Wednesday, May 9, 2012

Concert Review: New Music from the West Coast – Chapel Performance Space at Good Shepherd Center, Seattle, 5/5/2012

A varied concert, though generally tranquil; by three different composers.

Music for qin, by Christopher Roberts

The Chinese music for this ancient stringed instrument often emphasizes its twanging bass notes, which sound oddly akin to Mississippi delta blues, and save the airy, ringing harmonics for special moments of surprising beauty – something of an ethereal special effect. Christopher’s music was the inverse. He created most of the (freeform) melodic material from the overtones, with only occasionally venturing into the bass reverberations. The result was deeply affecting, meditative sounds that revealed their Chinese and “new music” roots equally. He played four pieces that seemed to form a set (they are also together on a CD), lasting a little longer than thirty minutes, and this half of the concert was far too short.

(...not played by Christopher Roberts in this picture.)

Trombones, found objects and found sound by Nat Evans

After the intermission, Jeremiah Cawley and Ken Pendergrass (both on trombones) played the only ensemble piece in the concert, Nat Evans’ “Still Life with Transmigration”. Nat had provided prerecorded electronic ambience: peaceful nature sounds mixed with unidentifiable, mysterious drones – both akin to my “StormSound” music – over which they began the piece with summonings on two conch shells. These had microtonal intonations, which set up harmonic beats throughout the hall – a portentous introduction to the trombones. The trombone music itself was melodic, tranquil, and overlapped heterophonically, furthering the “otherworldly but of this world” atmosphere. For the last third of the piece, they set down their trombones and played the various natural objects scattered around the stage as percussion instruments: sticks, stones, and leafy branches all became part of an orchestra of organic sounds. One can of course rub stones together to make a sound, as well as striking them, and breaking sticks provides a percussion sound somewhat different from striking them as well. My only negative reaction to the piece was that Nat has scooped me; my piece “Four Places on Planet Earth” (to be played in my May 24th concert) also uses prerecorded nature sounds and mysterious drones (derived electronically from the same nature sounds), and “live” percussionists playing natural objects – but of course this kind of thing has been done before (it seems to be part of a possible “greening” of music) so I can’t really complain. It was a beautiful piece anyway…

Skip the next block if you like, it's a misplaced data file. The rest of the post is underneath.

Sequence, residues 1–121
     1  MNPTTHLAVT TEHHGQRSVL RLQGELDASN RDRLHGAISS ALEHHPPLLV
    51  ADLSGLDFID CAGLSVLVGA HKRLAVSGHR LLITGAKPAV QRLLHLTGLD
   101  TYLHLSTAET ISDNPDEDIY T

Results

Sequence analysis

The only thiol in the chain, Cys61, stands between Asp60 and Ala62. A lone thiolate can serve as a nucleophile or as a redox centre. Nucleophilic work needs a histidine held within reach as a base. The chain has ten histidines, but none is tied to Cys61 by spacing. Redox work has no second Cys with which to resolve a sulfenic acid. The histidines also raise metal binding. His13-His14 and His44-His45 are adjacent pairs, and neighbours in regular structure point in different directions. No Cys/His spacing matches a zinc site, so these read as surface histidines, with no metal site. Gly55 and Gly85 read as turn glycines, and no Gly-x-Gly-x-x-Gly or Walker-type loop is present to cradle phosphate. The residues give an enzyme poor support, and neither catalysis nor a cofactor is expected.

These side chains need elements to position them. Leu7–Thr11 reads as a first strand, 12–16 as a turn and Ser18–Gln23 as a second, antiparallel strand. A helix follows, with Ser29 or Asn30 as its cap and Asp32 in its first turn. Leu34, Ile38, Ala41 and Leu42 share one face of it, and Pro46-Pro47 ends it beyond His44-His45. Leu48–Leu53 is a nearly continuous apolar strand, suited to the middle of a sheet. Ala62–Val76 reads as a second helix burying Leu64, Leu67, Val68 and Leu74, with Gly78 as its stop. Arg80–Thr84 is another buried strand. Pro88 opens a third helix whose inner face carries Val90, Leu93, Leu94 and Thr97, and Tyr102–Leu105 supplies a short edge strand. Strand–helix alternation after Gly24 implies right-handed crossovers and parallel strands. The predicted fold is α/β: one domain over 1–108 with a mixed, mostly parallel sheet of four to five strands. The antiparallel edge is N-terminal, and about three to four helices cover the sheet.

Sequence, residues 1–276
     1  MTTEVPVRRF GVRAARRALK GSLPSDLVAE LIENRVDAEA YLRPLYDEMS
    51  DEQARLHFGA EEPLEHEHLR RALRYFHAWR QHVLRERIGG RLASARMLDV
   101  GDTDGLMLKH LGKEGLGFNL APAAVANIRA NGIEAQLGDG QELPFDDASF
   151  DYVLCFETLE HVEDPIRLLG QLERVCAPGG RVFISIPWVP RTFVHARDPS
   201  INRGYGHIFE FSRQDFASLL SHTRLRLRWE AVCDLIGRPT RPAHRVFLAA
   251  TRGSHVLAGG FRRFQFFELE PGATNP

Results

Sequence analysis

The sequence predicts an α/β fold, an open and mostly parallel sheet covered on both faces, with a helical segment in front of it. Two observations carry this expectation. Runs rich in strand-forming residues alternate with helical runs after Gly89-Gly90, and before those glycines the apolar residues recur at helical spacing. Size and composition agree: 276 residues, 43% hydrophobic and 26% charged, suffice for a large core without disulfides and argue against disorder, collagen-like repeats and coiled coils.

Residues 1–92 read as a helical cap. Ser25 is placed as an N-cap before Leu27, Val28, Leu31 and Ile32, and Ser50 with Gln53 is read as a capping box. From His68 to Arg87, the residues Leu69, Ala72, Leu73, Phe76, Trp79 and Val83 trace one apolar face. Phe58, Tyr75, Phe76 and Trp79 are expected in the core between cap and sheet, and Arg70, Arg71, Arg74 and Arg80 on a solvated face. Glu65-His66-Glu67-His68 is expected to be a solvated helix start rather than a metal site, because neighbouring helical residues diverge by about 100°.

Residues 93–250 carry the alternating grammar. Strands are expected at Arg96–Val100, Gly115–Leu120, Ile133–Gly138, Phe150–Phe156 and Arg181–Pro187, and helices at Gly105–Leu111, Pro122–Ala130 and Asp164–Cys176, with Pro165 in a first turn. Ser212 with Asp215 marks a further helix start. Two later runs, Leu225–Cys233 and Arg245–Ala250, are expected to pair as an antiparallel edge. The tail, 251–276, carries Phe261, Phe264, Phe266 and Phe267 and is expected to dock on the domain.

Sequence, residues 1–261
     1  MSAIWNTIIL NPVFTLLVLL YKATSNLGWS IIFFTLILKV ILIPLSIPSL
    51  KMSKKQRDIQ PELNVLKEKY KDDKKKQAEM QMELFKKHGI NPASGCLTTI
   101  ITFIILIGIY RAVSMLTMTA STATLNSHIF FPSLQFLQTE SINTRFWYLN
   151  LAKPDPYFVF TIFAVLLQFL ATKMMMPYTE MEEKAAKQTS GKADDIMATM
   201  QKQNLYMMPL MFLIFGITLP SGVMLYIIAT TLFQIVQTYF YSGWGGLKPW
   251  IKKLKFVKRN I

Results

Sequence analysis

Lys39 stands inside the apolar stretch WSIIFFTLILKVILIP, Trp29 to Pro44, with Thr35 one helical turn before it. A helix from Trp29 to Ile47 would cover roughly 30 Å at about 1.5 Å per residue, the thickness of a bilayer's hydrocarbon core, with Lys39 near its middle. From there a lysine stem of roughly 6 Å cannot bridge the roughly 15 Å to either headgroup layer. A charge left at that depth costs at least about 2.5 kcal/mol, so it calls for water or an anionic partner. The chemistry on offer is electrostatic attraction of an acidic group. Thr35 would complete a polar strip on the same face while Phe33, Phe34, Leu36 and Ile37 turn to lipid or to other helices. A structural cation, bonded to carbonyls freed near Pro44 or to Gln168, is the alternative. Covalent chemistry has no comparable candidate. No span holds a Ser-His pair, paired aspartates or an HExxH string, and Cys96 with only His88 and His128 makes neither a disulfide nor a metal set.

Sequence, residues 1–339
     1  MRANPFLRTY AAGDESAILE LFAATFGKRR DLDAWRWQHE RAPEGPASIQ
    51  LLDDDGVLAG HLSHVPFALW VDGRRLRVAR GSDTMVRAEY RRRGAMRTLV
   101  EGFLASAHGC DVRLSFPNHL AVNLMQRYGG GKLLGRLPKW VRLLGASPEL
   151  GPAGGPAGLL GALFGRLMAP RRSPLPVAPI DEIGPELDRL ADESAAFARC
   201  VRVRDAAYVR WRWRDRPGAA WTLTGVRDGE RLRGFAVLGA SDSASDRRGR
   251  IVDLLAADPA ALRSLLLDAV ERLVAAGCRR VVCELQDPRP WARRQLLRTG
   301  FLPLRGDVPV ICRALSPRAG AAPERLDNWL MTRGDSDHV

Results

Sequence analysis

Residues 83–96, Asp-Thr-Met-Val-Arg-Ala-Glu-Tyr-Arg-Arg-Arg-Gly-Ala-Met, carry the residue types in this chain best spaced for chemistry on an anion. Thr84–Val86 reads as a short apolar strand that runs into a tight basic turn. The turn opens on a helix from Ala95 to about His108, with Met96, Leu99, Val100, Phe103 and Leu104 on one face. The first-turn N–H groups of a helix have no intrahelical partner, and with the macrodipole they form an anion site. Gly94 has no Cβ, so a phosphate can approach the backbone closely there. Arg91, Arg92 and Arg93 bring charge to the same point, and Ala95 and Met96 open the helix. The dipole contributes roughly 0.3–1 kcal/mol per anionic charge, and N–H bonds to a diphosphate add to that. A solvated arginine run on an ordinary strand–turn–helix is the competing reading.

Jim Fox's Pleasure of Being Lost

The last piece was a piano solo, “The pleasure of being lost” by Jim Fox, as played by Cristina Valdes. This was in several movements played right together; however, none of them were complete by themselves so they formed a single, longer movement with pauses between sections. I described the piece later as “the melodic language of Peter Garland, the harmonic language or Takemitsu, and the time extension of Morton Feldman” – something of a fusion of the triumvirate of piano music of the late 20th century brought into the 21st. Cristina commented that Jim Fox had said it was something like Bill Evans as played by Feldman, which is much the same idea stylistically. Simple melodic figures with complex, ambiguous harmonies, floated dreamily over silence; each seemed “lost” by itself but lead inexorably forward into the next one – and for the duration of the piece, time was suspended. It was around ten minutes long, but seemed both far longer and far shorter. I am looking forward to hearing more music by this composer (and want to hear more of the delicate touch of this pianist as well).

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